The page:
Posted by: dstieglitz | October 28, 2014


“Leaders aren’t born.  Just like anything else, they are made through hard work.

 That is the price we must pay to achieve our goals.”    –  Vince Lombardi

      Warren Bennis, who died in July at the age of 89, pioneered leadership as a business discipline. He said managers seek to do things right, while leaders focus on doing the right things. Managers guide organizations to reach goals, while leaders choose goals. Managers focus on the bottom line, while leaders look to the future to ensure the organization thrives in times of change. Bennis held that leaders are made, not born since leadership is a skill that must be learned. Further, the elements of good leadership evolve over time. In today’s workplace, you can’t bark like a drill sergeant and expect people to jump. You must mentor and coache. Authoritative leadership risks alienating people and squandering an organization’s most precious resource: its collective knowledge. Why hire top-flight knowledge workers unless you let them use their knowledge creatively.

       Manager or Leader? Leaders and managers operate with different priorities. As I review my career, I see that I lean toward management. Which way do you lean? As a manager, I make things run smoothly by streamlining processes, applying resources efficiently, and using performance metrics. By contrast, effective leaders present a vision for the future. They grow an organization by moving it in new directions. There is no right or wrong here. Clearly, an organization needs both leadership and management to succeed consistently. What is important is that you understand yourself and the leanings of those around you.

      Over Managing. When executives over manage, they get mired down in old issues instead of shaping a better future.  Congress is a prime example.  Consider a tax system that isn’t competitive in a global economy, immigration policies that just plain don’t work, infrastructure that is insufficient and falling apart, and an educational system suited for a by-gone industrial era. Sadly, this month’s election is unlikely to change that. Government has difficulty shaping the future largely because it is organized into components whose priorities are self-preservation and reelection. To the contrary, shaping the future requires systems thinking that molds current trends into a preferable future. Future thinking doesn’t fit easily into traditional corporate structures either. Furthermore, most business education programs prepare students to manage the present, rather than to lead in a turbulent business environment.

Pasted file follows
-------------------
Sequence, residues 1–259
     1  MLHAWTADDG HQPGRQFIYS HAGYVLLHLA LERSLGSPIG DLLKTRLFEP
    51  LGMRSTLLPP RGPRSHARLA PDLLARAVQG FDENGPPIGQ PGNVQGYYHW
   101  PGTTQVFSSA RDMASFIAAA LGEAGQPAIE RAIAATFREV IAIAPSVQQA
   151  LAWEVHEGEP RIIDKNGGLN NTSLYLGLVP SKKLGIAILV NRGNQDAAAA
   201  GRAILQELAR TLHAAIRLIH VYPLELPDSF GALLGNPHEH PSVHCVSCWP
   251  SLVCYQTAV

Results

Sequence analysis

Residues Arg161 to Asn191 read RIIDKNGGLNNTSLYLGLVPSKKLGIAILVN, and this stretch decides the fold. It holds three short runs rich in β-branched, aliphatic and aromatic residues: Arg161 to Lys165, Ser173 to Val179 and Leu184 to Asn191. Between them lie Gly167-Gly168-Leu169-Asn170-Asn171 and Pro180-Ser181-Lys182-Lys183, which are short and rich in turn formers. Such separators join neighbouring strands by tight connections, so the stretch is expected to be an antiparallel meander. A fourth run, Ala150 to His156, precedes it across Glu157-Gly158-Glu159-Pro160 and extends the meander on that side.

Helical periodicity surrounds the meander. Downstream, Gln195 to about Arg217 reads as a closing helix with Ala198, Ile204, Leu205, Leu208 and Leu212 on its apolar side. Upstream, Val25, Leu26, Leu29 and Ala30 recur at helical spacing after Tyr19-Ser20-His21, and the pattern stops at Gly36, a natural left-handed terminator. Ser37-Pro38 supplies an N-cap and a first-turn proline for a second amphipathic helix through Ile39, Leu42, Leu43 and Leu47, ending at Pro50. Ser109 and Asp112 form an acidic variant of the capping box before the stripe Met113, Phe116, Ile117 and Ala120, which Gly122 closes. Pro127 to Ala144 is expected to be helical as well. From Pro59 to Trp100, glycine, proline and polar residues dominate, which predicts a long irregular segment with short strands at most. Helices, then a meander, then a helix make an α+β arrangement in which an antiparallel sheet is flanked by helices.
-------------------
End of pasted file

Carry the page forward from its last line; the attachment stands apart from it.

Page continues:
Shaping the Future. It’s time for leaders in government and industry to shape the future. We are at a crossroads in history where the accelerating rate of change is overwhelming most of society. The Internet, the cloud, robotics, mobile computing, etc. have disrupted the economic order. While leaders and managers claim to prepare people for the future, they are challenged to teach what they have never been taught. Leaders must mentor the next generation to manage change and systematically influence the future.

     Future Thinking Motivates Top Performance. Unsurprisingly, people say that participating in future thinking exercises opens their eyes to possibilities they otherwise never would have contemplated. They also say it gives them confidence in their decisions and actions. The only thing that matters about the past is what we learn from it – how we analyze the past, recognize the way things are evolving, and take action to create a desirable future. Sharing visions of the future with each other is a way to validate our ideas and broaden our perspectives. Keep that in mind when you vote next Tuesday. Which Congressmen and state and local candidates offer a future that you really want to see happen?


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